I felt even a tinge of jealousy, because unlike me, some of these friends can regularly meet while they are in Mumbai. It’s in these moments of introspection, that I sometimes wish I was back in India.

The evening had to end, like all good things have to, with one friend having to go on to another party later in the night, which would have seen him and his partner return home well into the next morning.

Mumbai is that kind of city. It never seems to sleep. It never needs to, for some. It never does, for some unfortunate ones.

Aapki yatra safal rahe
Commuting in (and out of) Mumbai is an experience into itself.
Citing adventure (and fascination for our little one) as our motivation, we caught the Deccan Queen to get from Mumbai to Pune. It was by far the best and most pleasant journey we ever had. Our little one greatly enjoyed the build-up to the train journey, amazed by the sea of humans descending on the train station and was excited with the whole process of loading bags into the compartments. However, as we pulled out of CST to head to Pune, he was fast asleep by the time we rolled past Dadar!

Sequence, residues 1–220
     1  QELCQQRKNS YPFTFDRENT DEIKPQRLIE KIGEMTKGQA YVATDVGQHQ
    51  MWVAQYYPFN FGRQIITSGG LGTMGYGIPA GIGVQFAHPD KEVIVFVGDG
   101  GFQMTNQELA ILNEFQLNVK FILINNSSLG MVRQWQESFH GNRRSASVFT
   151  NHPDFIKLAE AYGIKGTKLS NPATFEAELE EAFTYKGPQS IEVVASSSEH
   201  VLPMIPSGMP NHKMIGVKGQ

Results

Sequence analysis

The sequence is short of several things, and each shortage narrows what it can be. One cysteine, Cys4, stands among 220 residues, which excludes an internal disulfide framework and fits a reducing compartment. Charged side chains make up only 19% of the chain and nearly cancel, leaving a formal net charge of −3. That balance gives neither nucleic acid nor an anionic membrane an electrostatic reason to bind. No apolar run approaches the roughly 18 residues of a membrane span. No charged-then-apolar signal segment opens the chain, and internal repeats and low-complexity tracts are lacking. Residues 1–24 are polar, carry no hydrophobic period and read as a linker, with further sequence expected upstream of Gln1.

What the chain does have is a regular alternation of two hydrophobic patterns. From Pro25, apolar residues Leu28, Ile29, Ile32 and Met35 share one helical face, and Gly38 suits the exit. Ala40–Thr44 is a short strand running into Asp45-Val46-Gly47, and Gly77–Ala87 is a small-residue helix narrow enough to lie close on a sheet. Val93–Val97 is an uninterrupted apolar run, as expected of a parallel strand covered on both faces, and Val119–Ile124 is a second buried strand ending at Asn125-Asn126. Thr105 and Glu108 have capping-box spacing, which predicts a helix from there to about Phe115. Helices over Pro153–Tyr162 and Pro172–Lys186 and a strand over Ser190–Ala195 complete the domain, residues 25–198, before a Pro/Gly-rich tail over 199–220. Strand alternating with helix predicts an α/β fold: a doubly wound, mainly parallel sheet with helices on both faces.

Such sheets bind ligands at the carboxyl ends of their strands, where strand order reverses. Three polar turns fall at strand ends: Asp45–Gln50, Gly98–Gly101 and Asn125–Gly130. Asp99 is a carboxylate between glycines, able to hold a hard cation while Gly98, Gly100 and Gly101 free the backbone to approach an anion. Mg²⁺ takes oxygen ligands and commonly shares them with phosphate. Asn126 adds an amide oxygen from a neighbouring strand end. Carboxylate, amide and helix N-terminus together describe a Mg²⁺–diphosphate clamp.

While in Mumbai, I was fortunate enough to catch autorickshaws to get to a few places in a hurry. I say fortunate, because until that moment when I got out of the rickshaw, I had no clue that the F1 Corporation was secretly recruiting and training rickshaw drivers in Mumbai. I was to meet a friend in a mall for coffee in Kandivali and got into a rickshaw, giving myself a liberal 45 mins (on a weekend) to get from Borivali to Kandivali. The moment I stepped into the rickshaw, the driver coolly plugged into his earphones, reset the meter and set off at a pace I’ve only seen Vettel, Alonso and co. race at. Exactly 21 minutes later, I got off at Kandivali! I had never experienced Mach-1 until then. I’ve heard people in Mumbai are always in a rush and the city has a frantic pace. I was witness to this, thanks to the rickshawwalla.
I boarded the Shivneri bus at Borivali the next day to get back to Pune. The MSRTC has certainly come a long way, from those red rattling STs, to the semi-AC “Asiad” to the current lot of good looking, sturdy Volvos commuting people all across Maharashtra with a winning trifecta of affordability, speed and convenience.

As I hopped into a window seat of a largely vacant Shivneri, a woman conductor (yes, MSRTC has come a long way) came along to issue tickets to the few handful of passengers dispersed throughout the bus. By the time the bus picked up the last of the passengers and made its way out of Sion towards Vashi, I glanced at a wall near a traffic signal. It simply said “Save the unbreakable Mumbai spirit”.

Mumbai is that unbreakable city.